It was Dr. Pischinger who discovered the living behavior of the ECM and how it initiated both cell repair and destruction. Pischinger proved that the ECM contains an electrical potential that transmits information to and from the central nervous system and thus the entire body. His research shows the ECM as a mediator of information between the nervous and endocrine systems, and thus a key player in the start of disease. Ultimately, Pischinger felt that all chronic disease began in the ECM, and thus treatment should begin in the ECM as well.
Pischinger became interested in acupuncture as a consequence of his research starting in the 1920’s. Although he was able to prove the living behavior of the ECM, there was no scientific basis to explain its behavior. In his search to explain the behavior of the ECM he found the theories of acupuncture to give the closest explanation of how disease can both start and end in the connective tissue. Towards the end of his life he became increasingly fascinated with acupuncture and how it served as a practical application of his theories on the ECM. If there was any one person who gave validity to the study of acupuncture in Europe, it was Alfred Pischinger.
Pischinger felt that the Chinese had somehow observed the relationship between connective tissue (especially fascia) and internal organ function. After making this observation they spent thousands of years documenting the effect of stimulating certain areas of connective tissue and its relationship to organ function. These stimulation areas became known as acupuncture points and the effect of these points became the basis of Chinese medicine. It is through an understanding of the ECM that we can see how a pressure point on the foot can affect liver function, and a point on the hand can affect lung function. These points have the ability to affect the electrical potential of the body (through the ground substance) relative to the central nervous system and its relationship to specific organs.
The effects of acupuncture can thus be explained through its ability to regulate the electrical potential in the ECM, thereby affecting central nervous system function. Specific effects on the central nervous system are then relayed to both body tissues and internal organs. As it relates to connective tissue and autoimmune disease, the key characteristic is pain and inflammation (regardless of the diagnosis) since the inflammatory process is governed by the ECM. If you can restore functionality to the ECM, using the acupuncture meridians as a practical model, the body will then regulate inflammation and restore health.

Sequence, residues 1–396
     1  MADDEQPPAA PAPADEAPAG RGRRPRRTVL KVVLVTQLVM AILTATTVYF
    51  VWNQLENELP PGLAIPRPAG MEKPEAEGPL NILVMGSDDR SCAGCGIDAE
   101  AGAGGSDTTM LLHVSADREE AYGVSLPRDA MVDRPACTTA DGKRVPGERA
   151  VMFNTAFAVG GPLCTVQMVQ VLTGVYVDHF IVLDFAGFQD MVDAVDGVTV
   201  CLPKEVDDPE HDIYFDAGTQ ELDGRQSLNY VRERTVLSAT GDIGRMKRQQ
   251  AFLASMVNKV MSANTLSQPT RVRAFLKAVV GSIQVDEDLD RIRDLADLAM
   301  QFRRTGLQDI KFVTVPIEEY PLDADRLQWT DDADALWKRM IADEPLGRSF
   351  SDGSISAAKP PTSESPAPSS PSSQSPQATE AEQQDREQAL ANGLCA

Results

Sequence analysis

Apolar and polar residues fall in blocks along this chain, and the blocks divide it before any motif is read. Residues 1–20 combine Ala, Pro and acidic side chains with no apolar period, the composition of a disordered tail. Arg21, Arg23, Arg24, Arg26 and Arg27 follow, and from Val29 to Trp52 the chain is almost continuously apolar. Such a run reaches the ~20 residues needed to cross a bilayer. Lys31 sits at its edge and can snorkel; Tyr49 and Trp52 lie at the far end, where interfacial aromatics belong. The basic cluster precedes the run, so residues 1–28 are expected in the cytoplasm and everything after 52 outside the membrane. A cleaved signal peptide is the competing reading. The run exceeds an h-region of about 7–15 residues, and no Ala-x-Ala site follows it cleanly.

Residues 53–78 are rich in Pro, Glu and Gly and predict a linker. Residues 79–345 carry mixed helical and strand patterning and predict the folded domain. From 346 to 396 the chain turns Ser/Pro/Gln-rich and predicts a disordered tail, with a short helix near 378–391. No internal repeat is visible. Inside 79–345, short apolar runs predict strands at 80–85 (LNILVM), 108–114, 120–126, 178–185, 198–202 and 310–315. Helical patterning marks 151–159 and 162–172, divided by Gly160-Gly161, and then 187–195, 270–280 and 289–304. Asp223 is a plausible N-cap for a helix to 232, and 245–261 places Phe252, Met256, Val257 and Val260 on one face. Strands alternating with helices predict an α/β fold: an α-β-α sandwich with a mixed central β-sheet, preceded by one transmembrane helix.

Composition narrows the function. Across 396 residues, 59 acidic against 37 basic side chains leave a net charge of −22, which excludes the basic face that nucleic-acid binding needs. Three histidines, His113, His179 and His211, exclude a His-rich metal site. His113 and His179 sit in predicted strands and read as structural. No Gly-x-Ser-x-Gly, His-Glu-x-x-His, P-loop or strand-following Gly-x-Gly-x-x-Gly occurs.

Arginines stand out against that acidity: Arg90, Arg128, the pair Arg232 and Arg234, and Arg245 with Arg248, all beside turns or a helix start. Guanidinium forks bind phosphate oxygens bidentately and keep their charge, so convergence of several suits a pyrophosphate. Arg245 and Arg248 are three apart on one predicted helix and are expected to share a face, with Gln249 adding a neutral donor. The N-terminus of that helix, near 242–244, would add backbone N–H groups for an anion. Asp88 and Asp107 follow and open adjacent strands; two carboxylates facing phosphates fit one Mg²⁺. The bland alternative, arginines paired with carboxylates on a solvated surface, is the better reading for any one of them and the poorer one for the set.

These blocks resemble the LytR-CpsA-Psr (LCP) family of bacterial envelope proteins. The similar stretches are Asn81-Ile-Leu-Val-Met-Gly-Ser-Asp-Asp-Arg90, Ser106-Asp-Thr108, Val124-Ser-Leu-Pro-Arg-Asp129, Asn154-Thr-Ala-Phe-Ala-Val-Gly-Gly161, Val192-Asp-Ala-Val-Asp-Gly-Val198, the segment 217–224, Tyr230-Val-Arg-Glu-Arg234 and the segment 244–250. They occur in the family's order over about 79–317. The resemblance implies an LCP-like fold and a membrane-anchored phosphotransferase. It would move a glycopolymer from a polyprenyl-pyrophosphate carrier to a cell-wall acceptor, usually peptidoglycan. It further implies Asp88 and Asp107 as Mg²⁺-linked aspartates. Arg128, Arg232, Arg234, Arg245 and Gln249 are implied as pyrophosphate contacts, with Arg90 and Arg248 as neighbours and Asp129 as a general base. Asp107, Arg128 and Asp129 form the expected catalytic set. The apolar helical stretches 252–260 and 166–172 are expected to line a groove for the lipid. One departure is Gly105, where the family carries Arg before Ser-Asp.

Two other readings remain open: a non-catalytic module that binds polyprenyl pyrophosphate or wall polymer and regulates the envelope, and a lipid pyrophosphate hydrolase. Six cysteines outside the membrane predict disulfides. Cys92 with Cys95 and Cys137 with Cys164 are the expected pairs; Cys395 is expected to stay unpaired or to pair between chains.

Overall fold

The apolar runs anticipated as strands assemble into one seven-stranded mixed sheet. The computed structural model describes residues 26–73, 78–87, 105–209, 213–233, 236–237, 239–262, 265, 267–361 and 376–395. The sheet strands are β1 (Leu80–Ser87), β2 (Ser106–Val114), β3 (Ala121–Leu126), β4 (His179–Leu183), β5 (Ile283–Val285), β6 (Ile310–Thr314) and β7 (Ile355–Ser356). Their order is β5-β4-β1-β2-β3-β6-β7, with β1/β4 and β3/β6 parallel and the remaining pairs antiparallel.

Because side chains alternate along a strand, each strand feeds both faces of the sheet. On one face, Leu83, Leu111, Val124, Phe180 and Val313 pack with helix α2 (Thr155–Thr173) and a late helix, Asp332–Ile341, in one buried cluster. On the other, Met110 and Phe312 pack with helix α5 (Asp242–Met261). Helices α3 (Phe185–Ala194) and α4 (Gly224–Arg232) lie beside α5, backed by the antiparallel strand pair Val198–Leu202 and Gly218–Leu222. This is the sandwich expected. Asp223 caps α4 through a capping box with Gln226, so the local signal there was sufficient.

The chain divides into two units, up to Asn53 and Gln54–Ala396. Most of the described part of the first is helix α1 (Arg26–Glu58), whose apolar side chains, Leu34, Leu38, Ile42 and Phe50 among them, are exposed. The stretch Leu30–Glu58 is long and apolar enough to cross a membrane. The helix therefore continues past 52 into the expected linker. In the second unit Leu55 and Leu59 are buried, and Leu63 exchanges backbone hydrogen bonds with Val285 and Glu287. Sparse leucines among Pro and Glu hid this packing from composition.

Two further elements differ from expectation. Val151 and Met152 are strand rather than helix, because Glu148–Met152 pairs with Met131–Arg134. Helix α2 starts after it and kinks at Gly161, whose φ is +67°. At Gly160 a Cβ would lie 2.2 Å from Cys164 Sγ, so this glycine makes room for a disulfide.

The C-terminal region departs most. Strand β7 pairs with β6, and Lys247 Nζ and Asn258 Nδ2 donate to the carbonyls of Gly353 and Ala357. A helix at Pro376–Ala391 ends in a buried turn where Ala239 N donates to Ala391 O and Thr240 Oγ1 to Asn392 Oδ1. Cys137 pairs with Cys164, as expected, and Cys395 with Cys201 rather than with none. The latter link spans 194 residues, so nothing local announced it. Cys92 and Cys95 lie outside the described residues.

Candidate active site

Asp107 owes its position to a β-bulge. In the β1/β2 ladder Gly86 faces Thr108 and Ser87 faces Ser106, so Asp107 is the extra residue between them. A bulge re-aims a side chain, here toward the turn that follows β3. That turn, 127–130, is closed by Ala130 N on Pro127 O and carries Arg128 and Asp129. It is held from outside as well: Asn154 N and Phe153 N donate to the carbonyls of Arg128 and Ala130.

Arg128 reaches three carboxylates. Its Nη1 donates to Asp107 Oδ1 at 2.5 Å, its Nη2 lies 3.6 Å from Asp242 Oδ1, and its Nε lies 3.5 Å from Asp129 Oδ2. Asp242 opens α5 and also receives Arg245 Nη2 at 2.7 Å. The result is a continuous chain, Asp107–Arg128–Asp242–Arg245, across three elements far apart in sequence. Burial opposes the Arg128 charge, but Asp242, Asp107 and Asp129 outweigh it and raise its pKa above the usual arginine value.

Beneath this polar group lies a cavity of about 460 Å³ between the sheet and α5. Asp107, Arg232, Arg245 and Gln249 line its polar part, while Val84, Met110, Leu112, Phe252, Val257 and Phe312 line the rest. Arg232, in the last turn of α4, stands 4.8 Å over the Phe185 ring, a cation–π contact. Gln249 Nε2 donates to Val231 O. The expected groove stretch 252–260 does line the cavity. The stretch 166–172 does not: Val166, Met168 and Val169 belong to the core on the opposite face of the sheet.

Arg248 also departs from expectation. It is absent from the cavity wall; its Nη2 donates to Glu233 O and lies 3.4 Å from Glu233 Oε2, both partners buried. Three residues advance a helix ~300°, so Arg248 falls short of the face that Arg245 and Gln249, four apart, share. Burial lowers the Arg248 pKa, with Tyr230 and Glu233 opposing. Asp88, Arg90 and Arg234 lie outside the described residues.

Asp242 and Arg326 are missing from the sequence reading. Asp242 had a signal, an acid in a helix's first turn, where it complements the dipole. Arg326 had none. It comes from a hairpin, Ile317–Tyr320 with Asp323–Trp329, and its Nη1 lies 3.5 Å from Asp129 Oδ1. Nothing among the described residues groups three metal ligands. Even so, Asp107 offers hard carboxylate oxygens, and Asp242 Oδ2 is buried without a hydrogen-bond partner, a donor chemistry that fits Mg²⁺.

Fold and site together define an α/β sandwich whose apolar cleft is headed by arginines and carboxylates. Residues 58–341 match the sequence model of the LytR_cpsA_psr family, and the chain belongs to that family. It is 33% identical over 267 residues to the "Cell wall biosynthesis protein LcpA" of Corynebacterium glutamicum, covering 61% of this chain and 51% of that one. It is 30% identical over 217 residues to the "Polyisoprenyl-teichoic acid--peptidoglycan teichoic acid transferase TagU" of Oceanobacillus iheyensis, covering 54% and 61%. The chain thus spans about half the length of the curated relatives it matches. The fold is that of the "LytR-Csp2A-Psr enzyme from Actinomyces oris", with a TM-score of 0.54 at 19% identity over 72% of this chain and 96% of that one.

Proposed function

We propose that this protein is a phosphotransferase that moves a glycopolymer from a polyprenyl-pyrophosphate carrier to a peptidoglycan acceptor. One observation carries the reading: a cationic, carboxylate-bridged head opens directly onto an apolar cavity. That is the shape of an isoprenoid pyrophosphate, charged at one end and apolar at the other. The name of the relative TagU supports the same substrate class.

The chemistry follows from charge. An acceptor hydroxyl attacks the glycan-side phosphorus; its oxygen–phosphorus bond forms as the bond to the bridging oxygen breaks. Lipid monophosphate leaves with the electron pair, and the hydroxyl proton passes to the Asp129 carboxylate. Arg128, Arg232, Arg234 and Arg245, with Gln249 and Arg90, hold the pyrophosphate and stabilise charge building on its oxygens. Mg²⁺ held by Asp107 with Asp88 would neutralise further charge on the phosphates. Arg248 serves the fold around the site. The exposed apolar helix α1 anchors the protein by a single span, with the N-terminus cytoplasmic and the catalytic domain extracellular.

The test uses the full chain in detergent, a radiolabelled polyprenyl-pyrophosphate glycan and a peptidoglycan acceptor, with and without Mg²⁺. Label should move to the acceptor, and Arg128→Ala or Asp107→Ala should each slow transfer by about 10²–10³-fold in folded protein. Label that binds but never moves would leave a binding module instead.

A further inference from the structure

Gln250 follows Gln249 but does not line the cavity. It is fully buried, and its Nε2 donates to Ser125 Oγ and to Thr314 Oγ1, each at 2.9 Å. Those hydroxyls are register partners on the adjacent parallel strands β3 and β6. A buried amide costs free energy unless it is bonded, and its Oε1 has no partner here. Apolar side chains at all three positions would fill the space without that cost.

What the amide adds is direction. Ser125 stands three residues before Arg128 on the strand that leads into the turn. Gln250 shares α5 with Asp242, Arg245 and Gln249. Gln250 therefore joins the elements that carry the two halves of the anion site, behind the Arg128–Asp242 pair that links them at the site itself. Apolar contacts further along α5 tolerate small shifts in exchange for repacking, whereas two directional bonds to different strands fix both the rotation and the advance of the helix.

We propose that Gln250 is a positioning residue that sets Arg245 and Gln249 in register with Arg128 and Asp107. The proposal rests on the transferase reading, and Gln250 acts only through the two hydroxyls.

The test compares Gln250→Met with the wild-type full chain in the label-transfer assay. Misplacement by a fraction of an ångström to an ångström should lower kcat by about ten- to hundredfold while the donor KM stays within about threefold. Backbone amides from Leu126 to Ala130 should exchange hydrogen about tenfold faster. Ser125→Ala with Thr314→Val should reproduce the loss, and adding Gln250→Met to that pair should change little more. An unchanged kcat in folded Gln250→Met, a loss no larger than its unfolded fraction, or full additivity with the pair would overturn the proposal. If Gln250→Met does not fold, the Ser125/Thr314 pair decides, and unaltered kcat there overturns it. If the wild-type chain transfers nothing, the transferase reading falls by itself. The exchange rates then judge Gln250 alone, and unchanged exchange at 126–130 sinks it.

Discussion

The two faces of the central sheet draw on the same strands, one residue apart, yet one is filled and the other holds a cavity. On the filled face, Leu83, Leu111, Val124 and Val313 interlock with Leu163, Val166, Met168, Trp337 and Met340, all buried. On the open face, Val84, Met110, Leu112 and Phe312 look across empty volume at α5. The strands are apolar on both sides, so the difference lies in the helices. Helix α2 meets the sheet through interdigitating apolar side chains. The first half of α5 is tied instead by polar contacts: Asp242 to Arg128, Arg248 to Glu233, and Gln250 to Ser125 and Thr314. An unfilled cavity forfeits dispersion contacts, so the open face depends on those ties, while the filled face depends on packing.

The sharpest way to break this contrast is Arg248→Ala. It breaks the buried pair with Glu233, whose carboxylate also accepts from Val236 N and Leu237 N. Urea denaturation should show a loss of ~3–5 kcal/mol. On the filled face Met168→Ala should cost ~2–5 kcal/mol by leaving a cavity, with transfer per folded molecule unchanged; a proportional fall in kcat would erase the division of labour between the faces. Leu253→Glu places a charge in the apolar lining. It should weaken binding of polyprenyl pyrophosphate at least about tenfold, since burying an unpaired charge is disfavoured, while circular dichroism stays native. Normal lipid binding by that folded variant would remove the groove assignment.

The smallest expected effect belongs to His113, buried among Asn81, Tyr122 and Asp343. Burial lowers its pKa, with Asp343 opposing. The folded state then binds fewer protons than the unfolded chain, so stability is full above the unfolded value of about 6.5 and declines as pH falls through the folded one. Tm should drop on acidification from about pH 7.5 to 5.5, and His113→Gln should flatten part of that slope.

For further reading on Pischinger’s work: “The Extracellular Matrix and Ground Regulation” by Alfred Pischinger is available on Amazon.
Connective tissue pattern summary
The connective tissue patient has difficulty regulating the inflammatory response. This pattern is seen in autoimmune conditions such as lupus or Hashimoto’s, but it is also seen in chronic orthopedic issues such as neck and back pain. It doesn’t matter what the diagnosis or label is. What matters is the behavior of the tissue and its inability to regulate inflammation.
Although it’s mostly composed of non-living cells, the connective tissue displays a complex system of intelligence that we still don’t completely understand. As an acupuncturist who has studied Alfred Pischinger’s work, my opinion is that the connective tissue represents a translational bridge between the neurological and hormonal systems of the body. This explains how manipulation of the fascia can effect nerves, hormones, and the inflammatory response.
Muscle tissue pattern
Key elements: muscle tissue, lactic acid
Key symptoms: chronic fatigue, diffuse muscle aches (fibromyalgia), frequent colds/flu, shortness of breath